On May 14, 1917, a meeting chaired by Lord D’Abernon agreed a proposal to establish a Thoroughbred Breeders’ Association. Today, as we celebrate 100 years of the TBA’s history, it is a time to reflect on what has happened in that time and then to look forward.

Lord D’Abernon, who was later confirmed as the TBA’s first President, and his 18-strong Council came together to ensure that the thoroughbred continued to be tested on the racecourse, even during the war years, and they persuaded the government of the day that this was so important for the breed that a limited amount of racing was allowed to take place.

By the time of the TBA’s second AGM in December 1918, the war was over, and the newly-formed association set about asking the Jockey Club, the sport’s ruling body, to recognise its existence. Perhaps not surprisingly, this took some time and even when recognition came, the TBA was given little credit for its original initiative.

However, not only has the TBA survived, it has gone from strength to strength. Its work might lack the glamour and excitement that is often associated with owning, training and riding racehorses, but nevertheless it is vital to both the breeding and racing industries.

As thoroughbred breeders, we must be very thankful for the work that many generations of TBA Council and committee members have encompassed over those 100 years. Lord D’Abernon and his original Council were setting out on a long journey. Yet I am sure they would recognise the many challenges the TBA faces today. 

In certain instances little seems to have changed, and it is interesting to note that the argument, which still rumbles on, about the number of mares a stallion should cover was already underway in 1922, when Sunstar was reputed to have serviced 75 mares instead of the usual 40 or 45.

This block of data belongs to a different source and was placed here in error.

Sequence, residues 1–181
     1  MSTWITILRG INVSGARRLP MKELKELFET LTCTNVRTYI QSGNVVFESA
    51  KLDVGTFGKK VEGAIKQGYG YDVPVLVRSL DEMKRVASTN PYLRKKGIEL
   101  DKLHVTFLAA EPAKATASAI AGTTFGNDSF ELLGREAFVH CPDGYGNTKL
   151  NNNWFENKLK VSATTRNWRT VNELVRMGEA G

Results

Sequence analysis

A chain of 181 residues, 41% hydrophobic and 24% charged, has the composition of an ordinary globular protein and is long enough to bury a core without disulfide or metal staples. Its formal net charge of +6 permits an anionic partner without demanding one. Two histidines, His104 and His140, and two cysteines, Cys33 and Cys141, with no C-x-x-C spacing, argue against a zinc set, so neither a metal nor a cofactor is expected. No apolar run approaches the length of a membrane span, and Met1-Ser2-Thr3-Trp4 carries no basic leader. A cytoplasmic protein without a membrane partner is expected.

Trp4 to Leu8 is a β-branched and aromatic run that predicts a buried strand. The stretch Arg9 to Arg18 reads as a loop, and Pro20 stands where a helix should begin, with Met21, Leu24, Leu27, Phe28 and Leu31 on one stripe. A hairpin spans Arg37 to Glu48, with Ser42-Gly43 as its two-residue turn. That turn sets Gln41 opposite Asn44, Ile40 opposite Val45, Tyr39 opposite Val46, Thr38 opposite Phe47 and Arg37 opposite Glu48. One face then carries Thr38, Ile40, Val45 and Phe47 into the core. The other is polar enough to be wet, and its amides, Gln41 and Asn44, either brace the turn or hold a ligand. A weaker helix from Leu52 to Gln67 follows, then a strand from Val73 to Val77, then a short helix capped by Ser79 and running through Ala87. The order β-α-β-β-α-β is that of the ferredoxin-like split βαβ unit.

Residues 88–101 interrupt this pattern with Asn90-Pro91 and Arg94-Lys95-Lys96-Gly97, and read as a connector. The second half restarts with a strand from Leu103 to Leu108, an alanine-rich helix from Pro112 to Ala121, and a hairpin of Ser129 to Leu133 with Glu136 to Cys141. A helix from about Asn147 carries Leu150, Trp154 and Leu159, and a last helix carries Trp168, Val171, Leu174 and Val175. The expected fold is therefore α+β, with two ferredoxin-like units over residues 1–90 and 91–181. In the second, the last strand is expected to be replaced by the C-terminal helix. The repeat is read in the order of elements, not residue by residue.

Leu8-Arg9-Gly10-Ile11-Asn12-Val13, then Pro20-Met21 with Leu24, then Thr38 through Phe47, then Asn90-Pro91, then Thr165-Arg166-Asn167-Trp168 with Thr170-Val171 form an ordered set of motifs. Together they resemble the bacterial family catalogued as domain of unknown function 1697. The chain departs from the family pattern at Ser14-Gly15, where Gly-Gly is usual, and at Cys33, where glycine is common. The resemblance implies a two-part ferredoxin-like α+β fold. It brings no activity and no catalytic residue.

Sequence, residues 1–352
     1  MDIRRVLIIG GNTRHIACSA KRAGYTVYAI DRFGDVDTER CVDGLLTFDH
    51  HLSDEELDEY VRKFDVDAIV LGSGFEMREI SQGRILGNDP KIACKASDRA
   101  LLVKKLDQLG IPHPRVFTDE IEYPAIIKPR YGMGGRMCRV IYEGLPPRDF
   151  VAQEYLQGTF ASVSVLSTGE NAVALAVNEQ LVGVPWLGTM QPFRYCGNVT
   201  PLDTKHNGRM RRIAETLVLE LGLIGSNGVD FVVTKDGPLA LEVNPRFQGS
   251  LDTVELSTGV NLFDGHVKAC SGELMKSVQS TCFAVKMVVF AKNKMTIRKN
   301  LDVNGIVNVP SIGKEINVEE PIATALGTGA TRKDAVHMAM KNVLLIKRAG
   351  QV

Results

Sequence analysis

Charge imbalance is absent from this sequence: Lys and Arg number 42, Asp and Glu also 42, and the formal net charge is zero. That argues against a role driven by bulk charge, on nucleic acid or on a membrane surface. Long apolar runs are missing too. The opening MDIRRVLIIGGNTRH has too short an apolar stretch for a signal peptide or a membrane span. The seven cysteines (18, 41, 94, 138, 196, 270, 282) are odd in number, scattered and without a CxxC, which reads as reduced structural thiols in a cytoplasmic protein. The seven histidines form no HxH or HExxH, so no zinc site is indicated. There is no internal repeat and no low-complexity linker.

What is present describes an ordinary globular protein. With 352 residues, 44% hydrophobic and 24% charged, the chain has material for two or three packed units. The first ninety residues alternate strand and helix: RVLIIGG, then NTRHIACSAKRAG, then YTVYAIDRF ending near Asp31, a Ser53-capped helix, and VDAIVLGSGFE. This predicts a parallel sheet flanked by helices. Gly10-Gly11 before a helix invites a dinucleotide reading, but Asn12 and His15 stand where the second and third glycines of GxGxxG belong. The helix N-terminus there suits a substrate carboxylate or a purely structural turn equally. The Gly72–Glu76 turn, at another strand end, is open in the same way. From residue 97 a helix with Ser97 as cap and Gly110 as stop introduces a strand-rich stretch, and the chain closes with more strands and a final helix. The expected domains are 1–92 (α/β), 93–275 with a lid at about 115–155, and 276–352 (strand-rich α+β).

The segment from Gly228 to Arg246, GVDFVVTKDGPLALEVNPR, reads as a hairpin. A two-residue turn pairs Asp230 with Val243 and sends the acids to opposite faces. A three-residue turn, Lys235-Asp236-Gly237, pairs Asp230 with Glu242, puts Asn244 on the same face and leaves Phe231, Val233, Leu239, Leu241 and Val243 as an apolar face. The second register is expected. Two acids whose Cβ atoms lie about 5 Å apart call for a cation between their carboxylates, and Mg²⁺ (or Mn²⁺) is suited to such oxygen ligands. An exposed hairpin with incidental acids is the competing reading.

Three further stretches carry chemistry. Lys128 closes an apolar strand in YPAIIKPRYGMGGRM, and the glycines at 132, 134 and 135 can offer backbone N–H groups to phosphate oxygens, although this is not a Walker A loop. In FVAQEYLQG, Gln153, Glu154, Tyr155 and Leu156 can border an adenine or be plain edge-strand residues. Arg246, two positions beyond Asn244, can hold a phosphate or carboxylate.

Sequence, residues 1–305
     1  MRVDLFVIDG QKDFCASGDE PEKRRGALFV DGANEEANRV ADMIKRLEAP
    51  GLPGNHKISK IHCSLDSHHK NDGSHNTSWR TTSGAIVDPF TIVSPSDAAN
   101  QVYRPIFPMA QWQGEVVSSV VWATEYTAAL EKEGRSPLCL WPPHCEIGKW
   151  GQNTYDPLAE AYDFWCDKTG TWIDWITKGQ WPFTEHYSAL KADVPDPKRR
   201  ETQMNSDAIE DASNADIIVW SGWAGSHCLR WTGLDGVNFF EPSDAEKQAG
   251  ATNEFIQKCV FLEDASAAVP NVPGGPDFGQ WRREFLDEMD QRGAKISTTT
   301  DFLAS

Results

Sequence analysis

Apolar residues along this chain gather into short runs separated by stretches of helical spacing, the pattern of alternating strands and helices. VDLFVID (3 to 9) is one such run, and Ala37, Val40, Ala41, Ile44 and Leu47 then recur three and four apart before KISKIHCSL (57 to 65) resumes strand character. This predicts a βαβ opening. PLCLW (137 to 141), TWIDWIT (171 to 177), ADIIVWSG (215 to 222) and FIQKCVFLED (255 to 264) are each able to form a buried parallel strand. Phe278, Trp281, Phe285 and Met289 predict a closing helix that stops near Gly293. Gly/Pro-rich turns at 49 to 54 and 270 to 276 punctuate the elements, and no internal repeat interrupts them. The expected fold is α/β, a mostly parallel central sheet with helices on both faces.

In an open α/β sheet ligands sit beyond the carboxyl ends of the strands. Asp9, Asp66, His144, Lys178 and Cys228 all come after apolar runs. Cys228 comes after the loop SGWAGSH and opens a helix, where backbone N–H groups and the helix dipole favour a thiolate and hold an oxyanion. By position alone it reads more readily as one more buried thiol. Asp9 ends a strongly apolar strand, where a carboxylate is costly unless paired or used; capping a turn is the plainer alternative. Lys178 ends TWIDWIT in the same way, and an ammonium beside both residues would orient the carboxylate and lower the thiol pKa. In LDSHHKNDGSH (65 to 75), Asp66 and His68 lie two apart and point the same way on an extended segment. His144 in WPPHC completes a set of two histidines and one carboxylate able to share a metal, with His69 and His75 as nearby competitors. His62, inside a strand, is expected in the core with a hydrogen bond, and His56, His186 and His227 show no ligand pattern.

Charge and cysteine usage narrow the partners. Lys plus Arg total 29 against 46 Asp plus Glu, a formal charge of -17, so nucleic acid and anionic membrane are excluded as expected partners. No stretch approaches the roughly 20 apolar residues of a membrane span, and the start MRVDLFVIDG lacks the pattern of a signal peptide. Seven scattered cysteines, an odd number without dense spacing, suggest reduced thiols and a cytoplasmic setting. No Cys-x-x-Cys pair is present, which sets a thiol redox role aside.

I wonder what the leading lights of the association then would think about the advances in veterinary science and practices that the TBA and Equine Fertility Unit have brought about, so that even unproven stallions regularly cover more than 150 mares in a season and many National Hunt stallions over 200.

The TBA will stay true to its founders in ensuring that there is a race programme that tests the breed

However, history and heritage remain so important, and the patronage of royalty, latterly by Her Majesty the Queen, and many substantial breeders from around the world has been vital in securing the quality of the British thoroughbred over the last century. 

The ability to go back over so many generations of stars and make mating decisions on their racing and breeding performances is due to the constant mantra that the horse must be tested on the racecourse before deserving its place in the paddock.

The TBA will always work with the racing authorities, and stay true to its founders, in ensuring that there is a race programme that tests the breed and rewards and defines the best, across all distances and age-groups, for those who strive to produce top-class thoroughbreds. Recent work by the TBA on a suitable pattern of races for stayers and fillies illustrates the importance of race planning to breeders.

The TBA has succeeded in ensuring that breeders not only have a voice within the sport but also are active in every aspect of equine reproduction, welfare, veterinary science, international trade and the education and training of staff, all of which are vital to the industry. This has helped to encourage British breeders such as Cheveley Park while bringing in overseas investors such as Juddmonte, Darley and Shadwell, and the best veterinary expertise.

Veterinary advances and the increasing globalisation of our sport bring their own disease and welfare issues, while training and education are as important as ever for those handling thoroughbreds. These and the many other issues the TBA has to address make its role every bit as vital as it was 100 years ago. I have no doubt that the association will be equally important and relevant to thoroughbred breeding in another 100 years’ time.